Haines Logo Text
Column Archive
July 9, 2018:

THE COLD IN-N-OUT BURGERS

Bruce Kimmel Photograph bk's notes

Well, dear readers, I am sitting here listening to a singer named Della Reese, doing songs based on classical music themes – it’s amazing how many of these kinds of albums there are – I just heard Sarah Vaughan’s take on this stuff. Della’s great, this has great RCA stereo sound, and tasty Glenn Osser charts.  But I must say a little of it goes a long way, if you get my meaning and I know you do because you dear readers are smart as whips or crackers or Velveeta. 

Yesterday was quite a peculiar day.  I did get a little over eight hours of sleep.  Temperature was in the 90s, so that was better.  I answered e-mails, did some work on the computer, then went and picked up some packages.  What an exciting day so far, right?  Then I decided to chance In-N-Out so I went over there.  The drive-through line at two-fifteen was a block long, not that I would ever do the drive-through line.  So, I parked and went in.  It was jam-packed with people of all shapes and sizes and colors.  They move the order along usually but there were some awfully stupid people taking much more time than need be.  It took five minutes to get to the gal who took my order – she seemed very distracted the whole time and she had to think quite hard about giving me my change.  I got my usual two cheeseburgers but this time no fries. My number was 49.  I sat down to wait.  They were, at that point, at about 35 so I knew it would probably be ten minutes.  They got to the 40s and I waited.  Finally they got to 44, 46, 45, 47, 48, 53, 50, 52, 51, 54, 55, 56 – at that point I arose and went to the counter, found someone and handed them my receipt and said that something was clearly wrong as they were almost ten numbers past mine. He said he’d check and took my receipt. I never saw him again but about seven minutes later my number was called.  I was, at that point, completely irritated, so I just grabbed the bag and drove home.  That drive takes approximately ninety seconds.  I’ve taken the burgers home several times in the past two weeks, as you’ll remember.  They are always nice and hot.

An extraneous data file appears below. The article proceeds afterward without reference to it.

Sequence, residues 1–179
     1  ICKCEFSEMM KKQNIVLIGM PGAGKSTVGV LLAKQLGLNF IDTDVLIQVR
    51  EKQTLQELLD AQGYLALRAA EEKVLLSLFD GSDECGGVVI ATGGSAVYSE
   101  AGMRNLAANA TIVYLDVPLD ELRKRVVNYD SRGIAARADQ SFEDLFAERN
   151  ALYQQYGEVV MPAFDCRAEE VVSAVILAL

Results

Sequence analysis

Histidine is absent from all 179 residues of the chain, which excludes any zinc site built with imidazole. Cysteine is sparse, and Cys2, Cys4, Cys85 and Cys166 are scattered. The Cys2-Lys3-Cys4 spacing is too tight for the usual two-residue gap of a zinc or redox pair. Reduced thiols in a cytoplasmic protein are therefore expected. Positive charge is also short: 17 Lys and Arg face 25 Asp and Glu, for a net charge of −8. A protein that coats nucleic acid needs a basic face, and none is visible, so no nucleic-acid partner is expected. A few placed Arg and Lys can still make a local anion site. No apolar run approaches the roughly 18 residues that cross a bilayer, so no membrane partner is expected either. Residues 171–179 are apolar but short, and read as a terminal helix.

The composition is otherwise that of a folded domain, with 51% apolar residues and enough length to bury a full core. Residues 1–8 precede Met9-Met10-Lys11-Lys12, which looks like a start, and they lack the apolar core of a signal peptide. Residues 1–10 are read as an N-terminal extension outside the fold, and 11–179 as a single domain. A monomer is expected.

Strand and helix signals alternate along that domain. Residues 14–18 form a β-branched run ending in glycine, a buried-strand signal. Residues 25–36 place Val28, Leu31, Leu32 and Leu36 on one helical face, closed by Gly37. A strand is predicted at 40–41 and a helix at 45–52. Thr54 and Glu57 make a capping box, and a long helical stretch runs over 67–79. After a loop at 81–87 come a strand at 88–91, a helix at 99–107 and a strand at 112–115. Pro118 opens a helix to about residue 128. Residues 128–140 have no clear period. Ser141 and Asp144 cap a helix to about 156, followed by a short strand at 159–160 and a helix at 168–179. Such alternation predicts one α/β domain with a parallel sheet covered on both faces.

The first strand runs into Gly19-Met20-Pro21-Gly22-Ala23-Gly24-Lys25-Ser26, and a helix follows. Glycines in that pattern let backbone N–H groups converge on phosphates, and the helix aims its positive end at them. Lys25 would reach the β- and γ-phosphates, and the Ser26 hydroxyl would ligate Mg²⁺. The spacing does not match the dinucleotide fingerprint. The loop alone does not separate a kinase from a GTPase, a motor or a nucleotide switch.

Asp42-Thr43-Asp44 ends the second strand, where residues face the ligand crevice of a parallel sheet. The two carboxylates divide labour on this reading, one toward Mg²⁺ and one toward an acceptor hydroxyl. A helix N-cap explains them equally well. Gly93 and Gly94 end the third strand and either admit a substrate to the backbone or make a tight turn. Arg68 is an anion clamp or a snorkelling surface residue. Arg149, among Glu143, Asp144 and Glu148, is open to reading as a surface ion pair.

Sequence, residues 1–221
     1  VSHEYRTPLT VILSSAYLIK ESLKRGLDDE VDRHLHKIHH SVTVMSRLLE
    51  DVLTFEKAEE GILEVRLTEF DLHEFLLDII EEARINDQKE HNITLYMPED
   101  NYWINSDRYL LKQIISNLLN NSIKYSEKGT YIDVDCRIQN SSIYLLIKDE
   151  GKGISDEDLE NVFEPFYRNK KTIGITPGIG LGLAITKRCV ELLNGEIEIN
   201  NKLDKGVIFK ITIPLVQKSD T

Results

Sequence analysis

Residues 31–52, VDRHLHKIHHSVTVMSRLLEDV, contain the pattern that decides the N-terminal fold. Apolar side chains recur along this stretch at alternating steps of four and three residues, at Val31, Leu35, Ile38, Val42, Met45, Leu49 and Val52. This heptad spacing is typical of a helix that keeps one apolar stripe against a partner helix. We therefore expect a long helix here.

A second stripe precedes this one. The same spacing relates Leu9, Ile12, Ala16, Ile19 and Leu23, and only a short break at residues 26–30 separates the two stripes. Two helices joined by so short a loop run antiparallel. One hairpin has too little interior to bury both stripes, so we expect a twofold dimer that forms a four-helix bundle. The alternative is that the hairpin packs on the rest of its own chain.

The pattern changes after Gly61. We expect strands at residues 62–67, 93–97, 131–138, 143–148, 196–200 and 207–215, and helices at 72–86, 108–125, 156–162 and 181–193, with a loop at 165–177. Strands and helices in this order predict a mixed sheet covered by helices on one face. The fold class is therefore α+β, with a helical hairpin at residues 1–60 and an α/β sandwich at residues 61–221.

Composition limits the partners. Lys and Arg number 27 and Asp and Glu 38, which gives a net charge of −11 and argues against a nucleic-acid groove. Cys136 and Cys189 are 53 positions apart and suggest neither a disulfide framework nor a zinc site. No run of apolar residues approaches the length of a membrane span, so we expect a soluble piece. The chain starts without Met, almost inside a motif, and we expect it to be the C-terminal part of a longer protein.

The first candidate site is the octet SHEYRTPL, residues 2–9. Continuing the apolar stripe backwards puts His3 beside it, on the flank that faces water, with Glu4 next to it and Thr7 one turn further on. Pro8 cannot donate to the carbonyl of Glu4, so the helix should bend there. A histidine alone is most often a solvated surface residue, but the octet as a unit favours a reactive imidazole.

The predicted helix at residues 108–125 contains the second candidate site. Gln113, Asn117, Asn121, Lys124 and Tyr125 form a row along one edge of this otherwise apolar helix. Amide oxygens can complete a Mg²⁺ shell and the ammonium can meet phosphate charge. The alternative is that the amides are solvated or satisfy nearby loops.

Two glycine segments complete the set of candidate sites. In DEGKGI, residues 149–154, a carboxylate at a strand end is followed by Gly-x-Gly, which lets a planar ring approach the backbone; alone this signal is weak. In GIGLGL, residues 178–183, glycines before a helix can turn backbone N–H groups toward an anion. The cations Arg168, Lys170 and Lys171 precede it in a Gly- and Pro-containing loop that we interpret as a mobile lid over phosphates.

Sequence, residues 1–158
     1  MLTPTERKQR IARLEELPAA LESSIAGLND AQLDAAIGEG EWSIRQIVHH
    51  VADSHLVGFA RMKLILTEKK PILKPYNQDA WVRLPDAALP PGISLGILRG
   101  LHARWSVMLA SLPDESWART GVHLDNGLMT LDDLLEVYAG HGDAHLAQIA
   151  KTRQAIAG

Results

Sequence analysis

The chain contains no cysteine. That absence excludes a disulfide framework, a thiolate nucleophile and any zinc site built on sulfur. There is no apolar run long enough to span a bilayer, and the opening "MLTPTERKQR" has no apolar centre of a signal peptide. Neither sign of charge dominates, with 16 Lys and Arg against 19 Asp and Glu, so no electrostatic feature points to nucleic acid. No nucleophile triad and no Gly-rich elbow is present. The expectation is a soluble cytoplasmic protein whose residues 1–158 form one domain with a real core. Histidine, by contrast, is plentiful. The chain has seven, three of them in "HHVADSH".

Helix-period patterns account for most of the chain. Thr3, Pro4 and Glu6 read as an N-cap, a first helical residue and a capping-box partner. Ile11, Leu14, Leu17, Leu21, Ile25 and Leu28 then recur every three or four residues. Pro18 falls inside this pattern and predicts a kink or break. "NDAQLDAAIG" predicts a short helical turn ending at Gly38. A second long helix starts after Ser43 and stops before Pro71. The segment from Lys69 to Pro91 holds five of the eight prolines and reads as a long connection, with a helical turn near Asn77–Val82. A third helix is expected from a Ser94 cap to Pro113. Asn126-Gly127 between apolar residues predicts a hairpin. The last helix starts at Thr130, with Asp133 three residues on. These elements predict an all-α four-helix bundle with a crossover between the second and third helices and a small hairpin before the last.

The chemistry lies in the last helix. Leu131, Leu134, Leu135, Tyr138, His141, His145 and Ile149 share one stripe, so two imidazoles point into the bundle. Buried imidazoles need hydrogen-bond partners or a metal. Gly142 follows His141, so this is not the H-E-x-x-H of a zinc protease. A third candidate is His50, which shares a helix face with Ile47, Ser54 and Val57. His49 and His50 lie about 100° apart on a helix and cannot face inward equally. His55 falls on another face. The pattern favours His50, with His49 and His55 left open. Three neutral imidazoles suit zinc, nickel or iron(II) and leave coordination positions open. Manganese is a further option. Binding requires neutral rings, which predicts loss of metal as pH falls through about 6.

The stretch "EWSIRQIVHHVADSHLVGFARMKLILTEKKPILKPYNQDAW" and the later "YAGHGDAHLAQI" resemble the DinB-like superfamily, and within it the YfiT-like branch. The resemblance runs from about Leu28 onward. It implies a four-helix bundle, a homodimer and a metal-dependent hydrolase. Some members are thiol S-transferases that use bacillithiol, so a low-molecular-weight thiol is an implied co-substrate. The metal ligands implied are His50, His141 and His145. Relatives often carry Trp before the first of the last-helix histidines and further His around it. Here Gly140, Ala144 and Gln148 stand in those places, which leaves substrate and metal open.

I got home, opened the bag and took out the burgers – which were ice cold.  I couldn’t believe it and I should have just driven back there, but I had an upcoming phone meeting to do, so I just ate them cold.  The good news is they were edible, if a bit odd with no heat.  Obviously, my order had been sitting somewhere for ten minutes, and rather than come to me and tell me there’d been a screw-up and that they would make me two fresh burgers they just gave me the cold food.  I will be making a visit there today and speaking to a manager, and we’ll see how they handle it.  If I don’t care for the way they handle it I can assure them and you dear readers that I shan’t return. 

Then I had my phone meeting to see where everything was for the Sherman event, and we were in slightly better shape than I thought.  So, we figured out stuff for about thirty minutes.  Then I sat on my couch like so much fish.